Further, the locking step 104 may improve the mechanical stability of the bonding. In some embodiments, the locking step 104 may actually form a joint between the dots 136 and 146. For example, when clean, two gold surfaces which rub together may form a gold bond. If at least some portion of the dots 136 and some portion of the dots 146 are gold, pressing the substrates 130 and 140 together to form interlocking key 148 may cause the bumps 136 and 146 to rub together. Those dots 136 and 146 that are gold may be pressed together with sufficient shear force to form a gold bond. Thus, in addition to interlocking because of the geometry of the patterns of the dots 136 and 146, the key 148 may actually interlock due to gold bonds. Consequently, the alignment between the substrates 130 and 140 may be better preserved.

Other configurations are possible in addition to those described above. For example, FIGS. 9-10 depict exemplary embodiments of alignment mark sets 134′/144′ and 134″/144″ that may be used in aligning substrates 160 and 170. For clarity FIGS. 9-10 are not to scale. For example, FIG. 9 depicts an alignment mark set in which a cross 144′ is aligned within squares 134′. The alignment is to within a desired tolerance, t. In some embodiments, t is not more than 0.5 micron. In other embodiments, t may differ. Similarly, FIG. 10 depicts an alignment mark set in which a rectangular alignment mark 144″ fits within a female alignment mark 134″. Female alignment mark 134″ is shown as black, while male alignment mark 144″ is shown as cross-hatched. One or more of the alignment mark sets 134/144 depicted in FIGS. 5-8 may be replaced by the alignment mark set 134′/144′, 134″/144″, or another alignment mark set. The alignment is to within a desired tolerance, t. In some embodiments, t is not more than 0.5 micron. In other embodiments, t may differ.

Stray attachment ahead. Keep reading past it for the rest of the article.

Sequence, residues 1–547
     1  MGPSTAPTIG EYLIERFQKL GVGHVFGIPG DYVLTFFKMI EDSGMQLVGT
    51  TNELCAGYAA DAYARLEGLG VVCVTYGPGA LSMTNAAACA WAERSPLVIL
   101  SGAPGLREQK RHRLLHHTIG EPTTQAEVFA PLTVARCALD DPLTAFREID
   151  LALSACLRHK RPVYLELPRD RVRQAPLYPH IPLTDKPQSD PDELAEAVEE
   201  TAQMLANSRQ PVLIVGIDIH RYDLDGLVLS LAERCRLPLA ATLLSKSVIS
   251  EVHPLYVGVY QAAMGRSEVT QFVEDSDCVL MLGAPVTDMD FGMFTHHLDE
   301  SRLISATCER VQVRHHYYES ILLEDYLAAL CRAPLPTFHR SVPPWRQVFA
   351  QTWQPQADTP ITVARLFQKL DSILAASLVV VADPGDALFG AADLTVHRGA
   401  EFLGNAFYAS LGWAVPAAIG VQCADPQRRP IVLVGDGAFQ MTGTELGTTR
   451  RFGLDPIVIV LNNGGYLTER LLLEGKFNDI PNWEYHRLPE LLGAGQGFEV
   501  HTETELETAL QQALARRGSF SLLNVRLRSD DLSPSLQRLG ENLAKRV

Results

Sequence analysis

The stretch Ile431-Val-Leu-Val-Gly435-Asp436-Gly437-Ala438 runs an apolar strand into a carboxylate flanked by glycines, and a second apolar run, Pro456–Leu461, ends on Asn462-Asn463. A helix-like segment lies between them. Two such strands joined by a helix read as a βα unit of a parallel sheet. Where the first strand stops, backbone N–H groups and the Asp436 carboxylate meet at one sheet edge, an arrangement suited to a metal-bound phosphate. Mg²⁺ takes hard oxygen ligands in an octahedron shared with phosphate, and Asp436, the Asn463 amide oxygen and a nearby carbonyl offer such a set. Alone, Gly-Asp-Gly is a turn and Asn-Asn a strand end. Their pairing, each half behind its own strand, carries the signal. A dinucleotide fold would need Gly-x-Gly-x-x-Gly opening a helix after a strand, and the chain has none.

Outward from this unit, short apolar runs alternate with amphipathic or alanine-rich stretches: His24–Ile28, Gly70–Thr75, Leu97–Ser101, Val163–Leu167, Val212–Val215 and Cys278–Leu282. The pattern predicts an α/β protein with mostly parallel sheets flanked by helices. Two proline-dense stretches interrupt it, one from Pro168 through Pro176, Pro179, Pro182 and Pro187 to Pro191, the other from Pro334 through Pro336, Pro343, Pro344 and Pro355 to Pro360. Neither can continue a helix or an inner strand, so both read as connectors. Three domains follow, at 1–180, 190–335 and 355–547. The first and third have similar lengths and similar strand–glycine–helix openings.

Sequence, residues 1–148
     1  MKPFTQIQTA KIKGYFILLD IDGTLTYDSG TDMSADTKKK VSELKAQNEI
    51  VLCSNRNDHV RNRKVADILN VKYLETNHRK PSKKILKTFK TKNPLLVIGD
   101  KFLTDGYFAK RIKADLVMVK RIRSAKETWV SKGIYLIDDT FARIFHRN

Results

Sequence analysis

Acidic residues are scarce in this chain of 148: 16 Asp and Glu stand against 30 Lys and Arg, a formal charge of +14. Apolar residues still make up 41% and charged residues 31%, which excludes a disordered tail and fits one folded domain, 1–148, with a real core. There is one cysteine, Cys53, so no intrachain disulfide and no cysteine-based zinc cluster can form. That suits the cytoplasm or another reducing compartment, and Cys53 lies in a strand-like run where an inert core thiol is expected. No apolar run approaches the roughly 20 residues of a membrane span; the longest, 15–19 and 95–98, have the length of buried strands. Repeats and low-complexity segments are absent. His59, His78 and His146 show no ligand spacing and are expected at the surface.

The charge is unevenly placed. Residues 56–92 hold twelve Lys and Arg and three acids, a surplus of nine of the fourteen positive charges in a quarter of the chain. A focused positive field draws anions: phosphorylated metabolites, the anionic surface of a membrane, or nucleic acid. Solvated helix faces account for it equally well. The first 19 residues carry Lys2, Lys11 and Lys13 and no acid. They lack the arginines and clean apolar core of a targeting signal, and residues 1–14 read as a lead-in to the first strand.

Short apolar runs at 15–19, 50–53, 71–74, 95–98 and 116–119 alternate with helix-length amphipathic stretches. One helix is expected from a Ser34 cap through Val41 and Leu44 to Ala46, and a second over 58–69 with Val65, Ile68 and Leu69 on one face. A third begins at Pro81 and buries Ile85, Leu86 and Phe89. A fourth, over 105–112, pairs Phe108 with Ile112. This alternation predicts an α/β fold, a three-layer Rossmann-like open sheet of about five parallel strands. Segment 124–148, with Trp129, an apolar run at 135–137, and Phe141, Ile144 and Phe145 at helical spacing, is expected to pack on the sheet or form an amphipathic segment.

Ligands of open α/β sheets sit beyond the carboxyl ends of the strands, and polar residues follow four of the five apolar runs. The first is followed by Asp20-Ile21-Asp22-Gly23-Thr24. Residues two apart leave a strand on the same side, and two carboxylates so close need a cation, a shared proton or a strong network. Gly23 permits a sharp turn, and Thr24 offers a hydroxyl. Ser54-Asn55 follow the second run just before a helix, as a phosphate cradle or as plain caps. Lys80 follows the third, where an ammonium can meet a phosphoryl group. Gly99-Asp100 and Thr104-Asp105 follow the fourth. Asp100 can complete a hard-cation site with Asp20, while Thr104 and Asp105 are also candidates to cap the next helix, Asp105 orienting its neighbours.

Similarly, other configurations are possible for the interlocking key 148. FIGS. 11-17 are diagrams depicting exemplary embodiments of dots forming an interlocking key for bonding substrates. For clarity FIGS. 11-17 are not to scale and only a portion of the dots are shown. FIG. 11 depicts an interlocking key 150 including dots 152 on one substrate and dots 154 on the other substrate. The dots 152 and 154 are placed such that the key locks the substrates to within a desired tolerance, t. FIG. 12 depicts a key 150′ in which the dots 152′ and 154′ interlock to a distance that is less than the desired tolerance t. FIG. 13 depicts a key 150″ in which the dots 152″ and 154″ may form a bond, such as an Au bond. More specifically, the dots 152″ and 154″ actually come into physical contact. FIG. 14 depicts a key 150′″ in which the dots 152′″ and 154′″ are tapered. The taper may aid in guiding the dots 152′″ and 154′″ to form the key 150′″ when the substrates are pressed together in step 104 of the method 100. Although all of the dots 152′″ and 154′″ are shown as being tapered, in some embodiments, only some of the dots 152′″ and 154′″ might be tapered. For example, only the dots 152′″ might be tapered, only the dots 154′″ might be tapered, or some portion of the dots 152′″ and some portion of the dots 154′″ might be tapered. In the key 150′″, the dots 152′″ and 154′″ are in physical contact and may, therefore, form a bond. However, in other embodiments, the dots 152′″ and 154′″ may be spaced apart. In addition, the dots 152′″ and 154′″ are shown as having a taper which ends in a flat surface. However, in other embodiments, one or more of the dots 152′″ and 154′″ may taper to a point. In addition, although shown as composed of flat surfaces, the taper on the dots 152′″ and 154′″ could include curved surfaces. FIG. 15 depicts a key 150″″ in which the taper on each of the dots 152″″ and 154″″ is formed by a curved surface. In the key 150″″, the dots 152″″ and 154″″ are shown in physical contact. However, in other embodiments, the dots 152″″ and 154″″ may be spaced apart.